For my MS thesis, I want to explore how poverty may affect learning and memory by exploring alternative means of inducing stress in both teens and adults. Inspired by Drs. Eldar Shafir and Sendhil Mullainathan book, I wanted to adapt the experimental design from their original study done in 2013 and modify them to a reward learning paradigm and for an adolescent population.
In their original experiment, Mani et al. (2013) asked New Jersey mall shoppers to review 4 hypothetical financial scenarios prior to engaging in a cognitive task. An example of a hard and easy (value in parenthesis) scenario is provided below:
The economy is going through difficult times; suppose your employer needs to make substantial budget cuts. Imagine a scenario in which you receive a 15% (5%) cut in your salary. Given your situation, would you be able to maintain roughly your same lifestyle under those new circumstances? If not, what changes would you need to make? Would it impact your leisure, housing, or travel plans?
After thinking through 4 similar financial scenarios and completing the task, the experimenters wanted to observe how performance would have differed based on the difficulty of the scenario (a hard financial situation versus an “easier” one) and how this differ based on income. Below is one of the figures reported, which highlights that accuracy was only affected in low-income participants if they were exposed to financially difficult questions.
While the 4 scenarios from this paper would be terrific additions for my thesis project, they are not exactly applicable to a younger age group. For example, the above scenario is only applicable to demographics with jobs and them relying on their employment to meet basic needs. Thus, students in high school to think about how a 15% pay cut would affect them may not induce the same level of stress as it might if I asked their parents 1.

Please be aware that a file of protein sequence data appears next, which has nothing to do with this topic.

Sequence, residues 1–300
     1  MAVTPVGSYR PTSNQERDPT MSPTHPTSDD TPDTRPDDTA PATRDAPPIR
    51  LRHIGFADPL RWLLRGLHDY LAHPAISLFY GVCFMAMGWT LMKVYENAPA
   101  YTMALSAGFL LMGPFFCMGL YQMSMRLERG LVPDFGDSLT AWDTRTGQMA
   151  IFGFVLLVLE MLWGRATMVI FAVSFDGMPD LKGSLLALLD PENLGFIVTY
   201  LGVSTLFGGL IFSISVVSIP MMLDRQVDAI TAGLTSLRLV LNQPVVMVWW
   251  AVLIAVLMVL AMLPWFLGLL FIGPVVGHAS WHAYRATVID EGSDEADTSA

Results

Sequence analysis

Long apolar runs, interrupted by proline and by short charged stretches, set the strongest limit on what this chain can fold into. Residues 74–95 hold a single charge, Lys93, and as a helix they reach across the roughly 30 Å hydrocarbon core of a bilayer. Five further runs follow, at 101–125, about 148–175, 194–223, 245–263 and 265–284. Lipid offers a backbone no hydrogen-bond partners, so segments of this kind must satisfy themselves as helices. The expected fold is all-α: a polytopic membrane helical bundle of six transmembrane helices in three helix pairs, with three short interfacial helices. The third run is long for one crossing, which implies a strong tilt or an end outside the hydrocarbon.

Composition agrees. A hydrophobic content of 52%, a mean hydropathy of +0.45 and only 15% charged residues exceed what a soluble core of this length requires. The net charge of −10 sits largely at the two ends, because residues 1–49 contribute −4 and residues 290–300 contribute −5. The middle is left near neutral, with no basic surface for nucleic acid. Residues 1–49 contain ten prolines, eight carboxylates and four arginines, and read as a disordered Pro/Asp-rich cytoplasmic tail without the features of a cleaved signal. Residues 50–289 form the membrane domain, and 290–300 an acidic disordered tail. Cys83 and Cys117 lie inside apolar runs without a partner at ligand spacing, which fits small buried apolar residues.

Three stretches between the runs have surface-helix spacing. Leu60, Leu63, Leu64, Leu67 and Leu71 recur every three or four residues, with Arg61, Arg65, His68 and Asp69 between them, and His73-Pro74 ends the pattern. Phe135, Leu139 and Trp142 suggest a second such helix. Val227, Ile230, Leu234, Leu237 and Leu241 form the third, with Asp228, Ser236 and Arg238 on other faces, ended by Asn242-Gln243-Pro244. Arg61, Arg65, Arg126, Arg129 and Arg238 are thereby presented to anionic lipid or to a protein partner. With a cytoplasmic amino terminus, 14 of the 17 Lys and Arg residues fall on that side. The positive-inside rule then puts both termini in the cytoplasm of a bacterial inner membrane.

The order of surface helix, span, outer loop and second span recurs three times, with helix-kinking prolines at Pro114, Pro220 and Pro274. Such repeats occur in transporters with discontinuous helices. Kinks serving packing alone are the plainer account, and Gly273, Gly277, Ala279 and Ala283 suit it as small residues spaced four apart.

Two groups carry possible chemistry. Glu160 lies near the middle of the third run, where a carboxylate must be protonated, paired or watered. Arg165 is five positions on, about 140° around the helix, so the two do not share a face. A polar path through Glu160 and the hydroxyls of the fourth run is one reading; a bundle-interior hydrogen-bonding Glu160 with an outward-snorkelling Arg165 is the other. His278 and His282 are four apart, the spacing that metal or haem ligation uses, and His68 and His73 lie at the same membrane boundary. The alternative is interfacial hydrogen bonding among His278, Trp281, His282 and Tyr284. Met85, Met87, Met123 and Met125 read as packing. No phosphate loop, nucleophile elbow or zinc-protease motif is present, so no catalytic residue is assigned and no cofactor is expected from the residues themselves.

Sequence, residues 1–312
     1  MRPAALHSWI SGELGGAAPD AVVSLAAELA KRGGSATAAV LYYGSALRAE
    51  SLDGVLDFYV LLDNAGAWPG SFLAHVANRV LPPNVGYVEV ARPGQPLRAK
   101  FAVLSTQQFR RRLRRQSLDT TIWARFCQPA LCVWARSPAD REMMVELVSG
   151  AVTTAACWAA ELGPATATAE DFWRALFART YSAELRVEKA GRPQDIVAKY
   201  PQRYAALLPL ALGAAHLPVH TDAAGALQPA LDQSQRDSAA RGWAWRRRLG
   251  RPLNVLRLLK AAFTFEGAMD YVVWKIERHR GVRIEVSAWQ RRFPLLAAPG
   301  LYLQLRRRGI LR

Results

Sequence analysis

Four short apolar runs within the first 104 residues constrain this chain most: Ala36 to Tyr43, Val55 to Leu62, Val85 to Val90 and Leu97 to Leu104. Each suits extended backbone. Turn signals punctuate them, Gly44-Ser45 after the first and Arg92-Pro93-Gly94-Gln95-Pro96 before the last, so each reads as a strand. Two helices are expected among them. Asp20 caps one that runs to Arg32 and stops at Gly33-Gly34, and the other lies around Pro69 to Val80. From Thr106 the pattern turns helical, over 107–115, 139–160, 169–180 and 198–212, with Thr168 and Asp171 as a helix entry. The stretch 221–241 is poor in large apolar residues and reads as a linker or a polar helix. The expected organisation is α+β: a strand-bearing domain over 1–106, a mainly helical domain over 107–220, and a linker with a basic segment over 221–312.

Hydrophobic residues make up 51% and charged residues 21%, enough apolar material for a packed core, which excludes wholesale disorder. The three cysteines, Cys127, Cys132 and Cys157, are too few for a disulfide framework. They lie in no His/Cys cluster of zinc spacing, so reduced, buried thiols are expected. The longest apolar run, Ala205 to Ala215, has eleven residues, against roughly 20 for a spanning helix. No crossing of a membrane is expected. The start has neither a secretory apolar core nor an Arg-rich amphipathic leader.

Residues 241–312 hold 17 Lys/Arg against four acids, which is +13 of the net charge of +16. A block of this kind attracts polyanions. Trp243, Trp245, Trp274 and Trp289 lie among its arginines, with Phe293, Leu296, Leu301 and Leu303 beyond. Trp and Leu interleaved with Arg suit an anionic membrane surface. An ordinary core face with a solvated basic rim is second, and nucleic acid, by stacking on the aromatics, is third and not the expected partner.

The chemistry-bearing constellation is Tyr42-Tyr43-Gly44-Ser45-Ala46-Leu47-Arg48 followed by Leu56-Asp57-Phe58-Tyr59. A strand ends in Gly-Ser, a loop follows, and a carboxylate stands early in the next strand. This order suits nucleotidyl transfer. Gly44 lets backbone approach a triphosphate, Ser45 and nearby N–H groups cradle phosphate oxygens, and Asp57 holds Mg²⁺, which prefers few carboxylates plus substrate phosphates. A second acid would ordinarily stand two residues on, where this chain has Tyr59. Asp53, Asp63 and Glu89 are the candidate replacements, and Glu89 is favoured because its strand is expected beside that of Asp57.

That is why, for the first part of my thesis project, I’ve designed some age-appropriate scarcity scenarios! The following table includes the initial draft of my scenarios:
|Drafts||Description (easy version in parenthesis)|
|Scenario #1||This summer, your school has decided that all students must enroll in a summer program in order to graduate, and the total cost of the program is $1,500 ($150). Can you afford this?|
|Scenario #2||Your parents sent you to the dentist and you find out you need an important operation for your teeth. Your total bill ends up being $2,000 ($200). Can you pay for this? What can you do?|
|Scenario #3||You find out that your house has a terrible bug infestation and you are unable to stay in your home for at least a week. Not only does your family need to pay $500 ($50) for them to clean the place, but you need to also make accommodations to stay somewhere else. Your family can either; Stay with someone else. Do you have enough space for everyone in your family? Are you able to do so quickly on such short-notice?; or Stay in temporary housing. You can stay at a motel that costs $100 ($10) a day for the week.|
|Scenario #4||It’s time for you to go to college and you’ve accepted an offer for a school that is out-of-state. Unfortunately, your school was going to pay but they inform you that due to some errors they cannot pay for it but they can reimburse you but you must make the purchase. Classes start in a few days and you are suppose to fly off in 2 days. A one-way ticket to the university costs $600 ($60). Are you able to afford this?|
All of these are currently in their draft stage, and prior to incorporating them into a behavioral task, I will be distributing them for some initial data on how stress-inducing they are by age and family income level. The hope is that this will provide some support that they have a similar impact as the original scenarios did in the 2013 paper. And, if this works, these could be useful to explore in a reward learning task and maybe with some neuroimaging designs (which, to the best of my knowledge, has not been done as much? 2).